While you are doing Partial Fractions or Trig Substitution,
I have written the answer: .$\frac{1}{6}\ln\left|\frac{x-3}{x+3}\right| + C$
Guess who will get the job?

[/rant]
 

karush

Well-known member
Jan 31, 2012
2,715
no have not seen these, will use tho...

let me get back to this.... I am so tired my brain shut off... will reply tomorrow.

And wow, I do learn much here at MHB... I will hang out a lot more and donate.

mahalo.....K

log.PNG

guess many tricks to calculus,,,
 
Last edited:

CaptainBlack

Well-known member
Jan 26, 2012
890
Hello, karush!

Are you aware of these formulas?

. . $\displaystyle \int \frac{du}{u^2-a^2} \;=\;\frac{1}{2a}\ln\left|\frac{u-a}{u+a}\right|= C$

. . $\displaystyle\int \frac{du}{a^2-u^2} \;=\;\frac{1}{2a}\ln\left|\frac{a+u}{a-u}\right| + C$



It seems that no one teaches them anymore.


[rant]

I've posted these formulas at other sites
and have received arguments about them.

The foremost (and most offensive) is:
"I'd rather have my students understand the procedure
rather than memorize a bunch of formulas."

Excuse me . . . but haven't they already memorized a bunch of formulas?
[The Quadratic Formula, the Binomial Theorem, differentiation (power rule,
product rule, quotient rule, chain rule,) integration (power rule, six trig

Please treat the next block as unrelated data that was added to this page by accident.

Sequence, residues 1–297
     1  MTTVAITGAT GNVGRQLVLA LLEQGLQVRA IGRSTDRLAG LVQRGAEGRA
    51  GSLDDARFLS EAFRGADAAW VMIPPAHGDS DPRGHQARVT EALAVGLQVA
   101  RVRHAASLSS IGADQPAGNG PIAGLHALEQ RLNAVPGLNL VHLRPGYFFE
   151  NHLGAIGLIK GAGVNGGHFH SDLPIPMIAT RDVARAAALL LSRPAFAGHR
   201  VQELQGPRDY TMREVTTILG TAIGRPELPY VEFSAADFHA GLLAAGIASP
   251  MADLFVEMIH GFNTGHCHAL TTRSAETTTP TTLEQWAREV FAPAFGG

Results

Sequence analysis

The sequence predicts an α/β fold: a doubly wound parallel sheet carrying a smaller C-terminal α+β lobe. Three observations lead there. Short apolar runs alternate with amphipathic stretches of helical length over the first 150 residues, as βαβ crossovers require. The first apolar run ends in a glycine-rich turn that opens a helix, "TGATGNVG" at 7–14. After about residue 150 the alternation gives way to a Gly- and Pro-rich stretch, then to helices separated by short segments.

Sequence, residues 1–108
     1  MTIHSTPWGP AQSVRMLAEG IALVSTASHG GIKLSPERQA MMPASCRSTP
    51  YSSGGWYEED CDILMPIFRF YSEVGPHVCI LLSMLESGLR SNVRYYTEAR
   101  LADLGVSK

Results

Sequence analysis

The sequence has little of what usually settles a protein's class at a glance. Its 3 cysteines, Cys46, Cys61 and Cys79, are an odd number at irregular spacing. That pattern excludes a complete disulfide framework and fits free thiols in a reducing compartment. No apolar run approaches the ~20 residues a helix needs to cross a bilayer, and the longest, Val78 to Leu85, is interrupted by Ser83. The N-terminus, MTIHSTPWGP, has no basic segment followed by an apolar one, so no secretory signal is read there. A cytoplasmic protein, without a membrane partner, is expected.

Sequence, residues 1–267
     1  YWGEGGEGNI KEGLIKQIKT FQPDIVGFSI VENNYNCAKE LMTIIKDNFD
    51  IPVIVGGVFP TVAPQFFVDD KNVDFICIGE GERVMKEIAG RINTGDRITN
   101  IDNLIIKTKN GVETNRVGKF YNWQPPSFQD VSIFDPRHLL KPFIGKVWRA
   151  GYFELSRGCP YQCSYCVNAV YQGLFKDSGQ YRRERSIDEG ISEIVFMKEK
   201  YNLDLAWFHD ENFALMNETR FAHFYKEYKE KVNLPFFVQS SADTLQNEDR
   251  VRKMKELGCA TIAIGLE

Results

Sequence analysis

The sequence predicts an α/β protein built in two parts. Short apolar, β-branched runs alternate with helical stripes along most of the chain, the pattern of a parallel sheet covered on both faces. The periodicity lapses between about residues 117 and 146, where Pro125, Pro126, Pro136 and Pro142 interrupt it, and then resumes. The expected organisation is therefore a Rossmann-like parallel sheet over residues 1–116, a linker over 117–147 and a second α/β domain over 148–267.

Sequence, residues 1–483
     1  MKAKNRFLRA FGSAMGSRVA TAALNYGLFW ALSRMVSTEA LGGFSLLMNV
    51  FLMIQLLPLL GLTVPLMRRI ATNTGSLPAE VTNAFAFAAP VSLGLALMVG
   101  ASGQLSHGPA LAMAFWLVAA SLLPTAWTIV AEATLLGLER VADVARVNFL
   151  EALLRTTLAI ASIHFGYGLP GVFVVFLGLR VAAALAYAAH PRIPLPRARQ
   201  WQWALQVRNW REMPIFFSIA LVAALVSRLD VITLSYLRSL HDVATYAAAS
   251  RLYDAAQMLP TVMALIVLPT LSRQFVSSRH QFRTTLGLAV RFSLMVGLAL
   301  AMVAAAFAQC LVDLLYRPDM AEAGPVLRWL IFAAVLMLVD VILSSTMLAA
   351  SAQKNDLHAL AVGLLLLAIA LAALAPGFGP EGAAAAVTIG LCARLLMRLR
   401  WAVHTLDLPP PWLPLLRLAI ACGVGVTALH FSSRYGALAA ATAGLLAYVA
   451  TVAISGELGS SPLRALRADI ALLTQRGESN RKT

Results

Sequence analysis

integrals, six inverse trig integrals, integration by subsitutions, integration
by parts, etc.] .What's two more formulas?

These are same critics who have their students complete-the-square
rather than use the Quadratic Formula.

My response is: suppose you and I go for a job interview.
And they give us $\int\frac{dx}{x^2-9}$ to integrate.

While you are doing Partial Fractions or Trig Substitution,
I have written the answer: .$\frac{1}{6}\ln\left|\frac{x-3}{x+3}\right| + C$
Guess who will get the job?

[/rant]
Actually at an interview I would ask if I can borrow their copy of Gradshteyn and Ryzhik (or get out a mobile computing device) if they want to see this done in a professional manner.

If they want to see it done by hand I would tell them I don't waste effort on remembering tables, and then work it from more general ideas.

I have had interviews where technical questions were asked and the interviewer was not interested in the answer but the thought processes used to approach the problem.

(And the reason for teaching completing the square is so that the student has some idea where the quadratic formula comes from, and because the technique has other applications which they need one day).

CB
 

Jameson

Administrator
Staff member
Jan 26, 2012
4,040
karush,

That picture shows exactly what MarkFL was suggesting all along - the original problem had a typo in it! You have attached a solution to the integral:

$\displaystyle \int_0^{\frac{1}{2}}\frac{4}{1+4t^2}\,dt$.

You wrote in your original post this integral:

$\displaystyle\int_0^\frac{1}{2}\frac{4}{1-4t^2}dt$

That minus sign instead of a plus sign in the denominator makes a huge difference. Don't worry though, it's easy to make these kinds of oversights :)

Ok, at this point in the thread most of it has been devoted to solving a different integral and there is room for a discussion on how math should be taught to students. Both of these would do better in a new thread though so I will close this thread now purely for organizational reasons.